We’re getting lots of queries– the oil spill is out of our league (pun with Jules Verne intended), the deep sea ROVs are highly specialized.
Month: April 2010
Robots in Discover Magazine May Issue
The May 2010 issue of Discover Magazine features CRASAR director Robin Murphy as one of four roboticists interviewed in “Machine Dreams.” Online interviews appear as part of the DISCOVER/NSF Grand Challenges in Science: Robotics event.
Qinghai Quake and robots
What is it with disasters? They’re coming fast and furious. Here’s the 411 on robots at the China quake.
The Qinghai quake is the latest of the series of tragedies. Prof. Bin Li at the Shenyang Institute of Automation and an active member of the IEEE Technical Committee on Safety Security Rescue Robots, contacted the Chinese national earthquake response service this morning. It doesn’t look like ground robots are appropriate– the structures are mostly small and constructed from brick and mud. That type of construction is problematic– the brick and mud turns to a liquidized dust, acting like water to fill all the voids and displaces air. Even if there are voids, the suspended dust causes respiratory distress. Eric Rasmussen InSTEDD has many tales to tell of the similar Turkey earthquake.
China, by the way, does have at least one rescue robot. Bin tells me it was deployed to the mine collapse but could not be used because it wasn’t waterproof. (A gentle aside to manufacturers: d’uh!)
Aerial vehicles might be helpful for tactical operations and I can’t help thinking that an unmanned marine vehicle with an acoustic camera capable of penetrating turbid waters could provide more information about that crack in the big dam…
Bin was a participant in the NSF-JST-NIST workshop at Disaster City at the first of the month and we look forward to working with him and his group. In the meantime.. I’m speaking tomorrow at AUVSI day at the Capitol– I hope that in the future we can do more than offer our prayers.
China and West Virginia: Mobile Robots for Mine Rescue
Just as I was sitting down to blog (with relief) about the rescue of the Chinese miners, the explosion in West Virginia hit the news. Terrible, terrible. Our prayers go out to the miners and families.
Rescue robots have been used in mine disasters in the past and perhaps they will be of service in Raleigh, WV.
Some background on mine rescue robots. From 2007-2008, I led a study for the Mine Safety and Health Administration (MSHA) on underground mine rescue robots, getting to work with Dr. Jeff Kravitz and his team, attending a rescue competition at the MSHA academy in West Virginia, plus participated in two different mine disasters: Midas Gold Mine and Crandall Canyon Utah. A summary of the study was published in IEEE Robotics and Automation Magazine.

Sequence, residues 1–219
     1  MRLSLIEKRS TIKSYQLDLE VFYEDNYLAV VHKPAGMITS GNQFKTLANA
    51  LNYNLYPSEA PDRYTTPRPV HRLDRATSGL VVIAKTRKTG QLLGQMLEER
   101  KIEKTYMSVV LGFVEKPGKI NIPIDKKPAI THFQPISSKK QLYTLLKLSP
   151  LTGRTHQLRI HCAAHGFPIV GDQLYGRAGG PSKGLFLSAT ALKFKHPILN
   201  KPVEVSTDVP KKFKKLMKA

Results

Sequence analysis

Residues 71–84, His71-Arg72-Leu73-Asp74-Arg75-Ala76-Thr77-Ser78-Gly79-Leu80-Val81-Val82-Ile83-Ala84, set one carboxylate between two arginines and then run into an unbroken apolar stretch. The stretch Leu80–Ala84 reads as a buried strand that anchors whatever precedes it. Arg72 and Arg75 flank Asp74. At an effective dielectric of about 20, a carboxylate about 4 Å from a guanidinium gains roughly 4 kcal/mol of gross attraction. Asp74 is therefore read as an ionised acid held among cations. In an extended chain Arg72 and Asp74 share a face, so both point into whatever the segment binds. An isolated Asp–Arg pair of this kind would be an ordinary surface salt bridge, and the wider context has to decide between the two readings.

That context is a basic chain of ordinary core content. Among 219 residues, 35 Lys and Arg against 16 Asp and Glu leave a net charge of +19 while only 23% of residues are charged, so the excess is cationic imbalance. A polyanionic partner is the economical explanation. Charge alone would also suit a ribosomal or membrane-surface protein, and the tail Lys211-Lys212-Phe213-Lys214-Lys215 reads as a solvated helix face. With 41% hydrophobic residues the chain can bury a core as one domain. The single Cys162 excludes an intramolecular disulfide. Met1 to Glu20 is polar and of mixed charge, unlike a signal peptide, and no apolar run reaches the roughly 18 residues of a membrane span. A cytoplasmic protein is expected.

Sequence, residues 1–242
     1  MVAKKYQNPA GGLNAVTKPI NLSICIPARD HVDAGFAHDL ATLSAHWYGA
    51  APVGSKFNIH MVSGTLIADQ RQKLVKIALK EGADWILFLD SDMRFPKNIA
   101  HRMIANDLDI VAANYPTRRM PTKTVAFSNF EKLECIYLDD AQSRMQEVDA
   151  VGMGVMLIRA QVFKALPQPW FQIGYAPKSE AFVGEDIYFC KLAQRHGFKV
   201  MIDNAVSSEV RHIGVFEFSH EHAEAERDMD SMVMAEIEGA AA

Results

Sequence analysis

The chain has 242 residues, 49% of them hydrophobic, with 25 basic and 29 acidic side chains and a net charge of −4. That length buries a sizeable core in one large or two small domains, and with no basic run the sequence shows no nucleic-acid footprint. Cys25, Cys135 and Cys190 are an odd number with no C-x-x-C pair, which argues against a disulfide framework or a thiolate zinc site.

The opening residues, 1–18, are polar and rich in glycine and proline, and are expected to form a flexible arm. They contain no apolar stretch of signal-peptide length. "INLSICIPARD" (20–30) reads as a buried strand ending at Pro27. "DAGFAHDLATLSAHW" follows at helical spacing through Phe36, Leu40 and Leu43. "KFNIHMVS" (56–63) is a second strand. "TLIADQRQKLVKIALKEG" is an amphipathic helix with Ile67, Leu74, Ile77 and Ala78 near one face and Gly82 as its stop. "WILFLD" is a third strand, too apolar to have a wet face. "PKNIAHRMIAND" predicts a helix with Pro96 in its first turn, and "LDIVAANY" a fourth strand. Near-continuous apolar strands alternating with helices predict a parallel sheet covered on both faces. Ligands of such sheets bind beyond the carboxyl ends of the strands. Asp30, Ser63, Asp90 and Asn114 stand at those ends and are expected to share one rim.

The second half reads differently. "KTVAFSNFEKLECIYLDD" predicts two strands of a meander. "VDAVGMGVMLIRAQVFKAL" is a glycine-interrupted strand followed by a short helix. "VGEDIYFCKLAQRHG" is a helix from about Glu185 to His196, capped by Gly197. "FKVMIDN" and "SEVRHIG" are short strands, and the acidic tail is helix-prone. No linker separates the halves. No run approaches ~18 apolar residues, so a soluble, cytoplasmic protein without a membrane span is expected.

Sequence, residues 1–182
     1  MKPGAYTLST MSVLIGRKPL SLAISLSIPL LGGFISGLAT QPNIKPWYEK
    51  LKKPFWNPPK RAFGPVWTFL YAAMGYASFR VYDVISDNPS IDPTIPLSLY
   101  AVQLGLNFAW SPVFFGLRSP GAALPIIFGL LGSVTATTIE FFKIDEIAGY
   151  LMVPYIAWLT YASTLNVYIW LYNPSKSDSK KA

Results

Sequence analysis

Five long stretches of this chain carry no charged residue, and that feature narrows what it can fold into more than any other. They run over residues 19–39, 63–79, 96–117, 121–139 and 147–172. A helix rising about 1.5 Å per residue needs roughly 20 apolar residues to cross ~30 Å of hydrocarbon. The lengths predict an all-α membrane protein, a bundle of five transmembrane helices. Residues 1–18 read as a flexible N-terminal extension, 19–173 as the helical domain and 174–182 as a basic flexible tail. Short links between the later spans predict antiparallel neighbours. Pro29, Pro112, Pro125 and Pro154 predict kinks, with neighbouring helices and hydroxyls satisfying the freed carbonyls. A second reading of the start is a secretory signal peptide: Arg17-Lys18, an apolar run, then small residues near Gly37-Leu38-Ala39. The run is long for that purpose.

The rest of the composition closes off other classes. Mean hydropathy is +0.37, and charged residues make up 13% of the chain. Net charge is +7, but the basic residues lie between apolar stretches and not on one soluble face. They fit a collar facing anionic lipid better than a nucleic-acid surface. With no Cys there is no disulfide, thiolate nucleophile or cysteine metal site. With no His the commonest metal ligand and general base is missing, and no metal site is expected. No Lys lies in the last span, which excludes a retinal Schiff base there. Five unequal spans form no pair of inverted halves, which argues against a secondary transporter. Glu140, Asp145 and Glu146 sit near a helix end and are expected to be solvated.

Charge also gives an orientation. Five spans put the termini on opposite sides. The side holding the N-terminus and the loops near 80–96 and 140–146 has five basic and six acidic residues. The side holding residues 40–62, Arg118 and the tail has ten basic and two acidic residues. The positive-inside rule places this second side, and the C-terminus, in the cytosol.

Jeff had been exploring rescue robots from mine disasters since before 9/11(!) and has pioneered their use- MSHA is second only to CRASAR in the number of deployments to actual incidents.
Coal mine disasters are tricky for robots- in part because methane is often present. As in “hmm… which would be worse- the explosion or the huge amounts of coal catching fire?” I know of only 1 robot rated to work in those conditions and not trigger an explosion- MSHA’s modified Remotec Wolverine, called V2. Making it intrinsically safe made it much bigger and much heavier, which are not necessarily pluses for agility. MSHA has an iRobot Packbot and is upgrading it, while NIOSH has a set of Gemini robots developed by Sandia Labs. The smaller robots we used at Midas and Crandall Canyon didn’t have to be intrinsically safe because one was a gold mine and the air quality testing at the coal mine showed there was no significant presence of methane- mine environments in the Rockies are different from mine environments in the East.
Mine disasters are also tricky because there are at least three different scenarios for using a robot- and each scenario favors a different type of robot. One size does not fit all. I’ll try to upload some slides to go through the unique challenges posed by each scenario.